Considering modern view of geography, the old notion is no longer valid. Today geography is considered a fast developing science. With the passage of time many changes have occurred in its scope and content. Therefore, there is no all encompassing definition of geography. In the book entitled ‘Geography In the National Curriculum (1989)’ the Geographic Foundation of U.K. has given the following definitions:

“Along with environment and economic processes, geography studies the spatial relationships and topography created by man. Identification of these places on earth is done by studying mutual relationships between man and environment. It forms the centre of focus of geography.” From modern prospective this definition is very close to the point. But the subject matter of geography has been made very extensive for the purpose of studies.



(The word ‘Geography’ is appropriately described in Hindi as BHUGOL meaning ’round earth’. The word has been in use in astronomy before Christian era, describing the round shape of the earth. Then there was no geographic tradition in India like that of Europe. The word ‘BHUGOL’ was discovered in Sanskrit encyclopedia. So the scholars thought it fit to use the word ‘BHUGOL’ as Hindi translation of ‘Geography’. Even then in Sanskrit literature the words ‘Bhu-Vidaya’ and Buvankosh’ were used in the context of Geography In 1917, a Hindi encyclopaedia edited and published by Narendra Nath Basu used the word ‘Bhugol’ to mean ‘Geography’ considering Bhugol Vidya to be the synonym of geography and provided its definition. Even if he would have used either, of these two words it would have equally been a meaningful word. In Sanskrit the word Bhuvan is used to convey the meaning of elements of earth, life, human, water, space. ‘Tribhuvan’ meaning three worlds lithosphere, atmosphere and hydrosphere. But the word ‘Geography’ is best described by ‘Bhugol’. In accordance with the rules of lexicon word meanings and their syntax have variants and may even change.)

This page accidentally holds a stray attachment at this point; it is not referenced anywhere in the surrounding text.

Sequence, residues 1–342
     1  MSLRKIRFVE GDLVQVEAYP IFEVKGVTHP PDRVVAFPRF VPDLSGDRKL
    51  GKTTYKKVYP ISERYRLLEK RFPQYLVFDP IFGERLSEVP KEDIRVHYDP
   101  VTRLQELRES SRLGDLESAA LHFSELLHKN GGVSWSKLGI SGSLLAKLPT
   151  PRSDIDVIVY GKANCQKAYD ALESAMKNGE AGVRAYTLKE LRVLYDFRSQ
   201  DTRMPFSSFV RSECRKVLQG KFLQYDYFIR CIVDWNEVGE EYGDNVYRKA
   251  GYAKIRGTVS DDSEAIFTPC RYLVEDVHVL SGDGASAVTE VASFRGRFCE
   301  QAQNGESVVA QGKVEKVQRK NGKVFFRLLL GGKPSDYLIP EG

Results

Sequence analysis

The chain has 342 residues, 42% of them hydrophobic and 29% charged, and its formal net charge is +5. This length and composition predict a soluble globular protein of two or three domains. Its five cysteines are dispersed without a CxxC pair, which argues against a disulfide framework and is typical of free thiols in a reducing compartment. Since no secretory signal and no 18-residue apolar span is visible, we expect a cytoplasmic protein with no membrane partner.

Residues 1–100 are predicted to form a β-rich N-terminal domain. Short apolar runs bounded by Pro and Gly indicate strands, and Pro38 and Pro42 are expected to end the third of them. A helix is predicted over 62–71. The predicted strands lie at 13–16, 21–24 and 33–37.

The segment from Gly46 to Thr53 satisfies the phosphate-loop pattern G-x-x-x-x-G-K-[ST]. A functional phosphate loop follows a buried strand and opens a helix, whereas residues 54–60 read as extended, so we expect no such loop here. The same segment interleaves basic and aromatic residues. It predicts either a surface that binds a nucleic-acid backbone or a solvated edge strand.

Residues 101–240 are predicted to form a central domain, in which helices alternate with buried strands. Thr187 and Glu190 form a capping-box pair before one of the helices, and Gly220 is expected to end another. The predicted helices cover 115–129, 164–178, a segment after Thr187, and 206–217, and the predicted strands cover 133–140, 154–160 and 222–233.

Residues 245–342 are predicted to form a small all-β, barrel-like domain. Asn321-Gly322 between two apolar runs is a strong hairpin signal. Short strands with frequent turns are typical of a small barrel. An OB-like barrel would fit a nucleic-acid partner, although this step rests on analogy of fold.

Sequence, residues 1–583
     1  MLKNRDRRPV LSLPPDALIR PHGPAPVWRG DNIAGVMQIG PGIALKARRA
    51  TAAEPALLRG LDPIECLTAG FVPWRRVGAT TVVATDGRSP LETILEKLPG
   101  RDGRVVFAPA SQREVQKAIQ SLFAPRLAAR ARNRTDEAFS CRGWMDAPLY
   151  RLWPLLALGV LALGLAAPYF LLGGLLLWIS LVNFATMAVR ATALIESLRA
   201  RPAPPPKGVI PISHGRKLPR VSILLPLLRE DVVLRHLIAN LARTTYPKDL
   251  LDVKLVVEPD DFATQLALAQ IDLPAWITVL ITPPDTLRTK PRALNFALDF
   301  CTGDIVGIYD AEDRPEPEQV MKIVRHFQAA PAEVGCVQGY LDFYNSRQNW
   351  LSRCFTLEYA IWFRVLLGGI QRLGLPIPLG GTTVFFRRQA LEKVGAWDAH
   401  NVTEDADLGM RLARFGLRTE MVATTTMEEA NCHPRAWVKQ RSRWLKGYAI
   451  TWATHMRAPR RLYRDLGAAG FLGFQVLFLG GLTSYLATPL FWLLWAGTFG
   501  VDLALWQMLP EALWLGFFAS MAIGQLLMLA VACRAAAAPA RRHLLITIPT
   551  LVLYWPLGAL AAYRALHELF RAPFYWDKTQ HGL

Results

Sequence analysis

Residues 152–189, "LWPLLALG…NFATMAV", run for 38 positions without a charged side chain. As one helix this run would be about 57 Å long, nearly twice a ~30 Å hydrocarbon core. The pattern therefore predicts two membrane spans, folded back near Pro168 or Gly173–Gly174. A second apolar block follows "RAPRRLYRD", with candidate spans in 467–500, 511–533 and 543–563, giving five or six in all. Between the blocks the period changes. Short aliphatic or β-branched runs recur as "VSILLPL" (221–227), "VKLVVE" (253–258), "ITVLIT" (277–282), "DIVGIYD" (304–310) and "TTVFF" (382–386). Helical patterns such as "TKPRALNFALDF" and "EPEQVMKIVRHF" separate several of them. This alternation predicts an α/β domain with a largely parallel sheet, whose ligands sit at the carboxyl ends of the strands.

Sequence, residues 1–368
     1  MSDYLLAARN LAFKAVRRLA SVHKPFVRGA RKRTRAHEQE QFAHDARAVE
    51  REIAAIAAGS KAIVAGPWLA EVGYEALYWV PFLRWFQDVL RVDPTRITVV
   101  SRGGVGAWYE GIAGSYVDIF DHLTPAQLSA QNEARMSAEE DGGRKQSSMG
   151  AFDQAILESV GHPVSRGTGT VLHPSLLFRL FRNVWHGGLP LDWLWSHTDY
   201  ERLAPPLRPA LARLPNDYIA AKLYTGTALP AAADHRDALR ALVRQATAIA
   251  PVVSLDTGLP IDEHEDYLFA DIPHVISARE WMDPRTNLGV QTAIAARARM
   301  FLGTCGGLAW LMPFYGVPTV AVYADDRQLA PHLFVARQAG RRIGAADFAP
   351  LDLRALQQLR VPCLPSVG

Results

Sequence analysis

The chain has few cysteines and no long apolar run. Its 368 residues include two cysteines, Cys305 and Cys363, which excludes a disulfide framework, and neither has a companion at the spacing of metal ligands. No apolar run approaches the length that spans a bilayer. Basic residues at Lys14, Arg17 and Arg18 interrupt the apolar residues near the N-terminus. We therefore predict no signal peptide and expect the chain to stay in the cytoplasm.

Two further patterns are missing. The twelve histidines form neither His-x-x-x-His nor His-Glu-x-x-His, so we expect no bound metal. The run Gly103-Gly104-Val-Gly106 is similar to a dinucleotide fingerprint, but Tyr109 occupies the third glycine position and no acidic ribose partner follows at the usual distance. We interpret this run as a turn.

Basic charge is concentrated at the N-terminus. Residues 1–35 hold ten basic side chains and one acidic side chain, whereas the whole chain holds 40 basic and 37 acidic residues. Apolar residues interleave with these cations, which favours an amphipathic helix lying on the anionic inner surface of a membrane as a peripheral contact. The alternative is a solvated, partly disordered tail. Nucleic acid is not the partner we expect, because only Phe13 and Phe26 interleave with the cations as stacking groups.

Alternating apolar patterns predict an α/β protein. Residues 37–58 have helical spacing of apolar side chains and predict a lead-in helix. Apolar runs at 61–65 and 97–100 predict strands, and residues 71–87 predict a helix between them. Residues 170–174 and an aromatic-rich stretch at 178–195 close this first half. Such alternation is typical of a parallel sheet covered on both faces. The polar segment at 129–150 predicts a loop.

History of Geography

Geography from the very dawn of history was characteristed by the investigations and explanations of the world we live in. Therefore, it was sometimes also known as ‘Gazetteer Geography’. In reality, because of lists of highlands’ depressions, cities and other places it contain, it was very boring and uninteresting subject. But today geography is more interactive as it studies man-environment relationships from different perspectives and in different contexts. In this manner, the content and scope of geography is widened from time to time. Let us throw some more light on this issue.

Technical and Other Terms

Ecosystem is the interacting system of a biological community and its non-living surroundings. The phenomena is characterised by the actions of sense organs-eye, ear, and nose – by which we can see, hear or smell. The natural features include mountains, plateaus, plains. The cultural features are like cities, temples etc. The Hello-centric Theory that planets and their moons revolve round the sun is now universally accepted.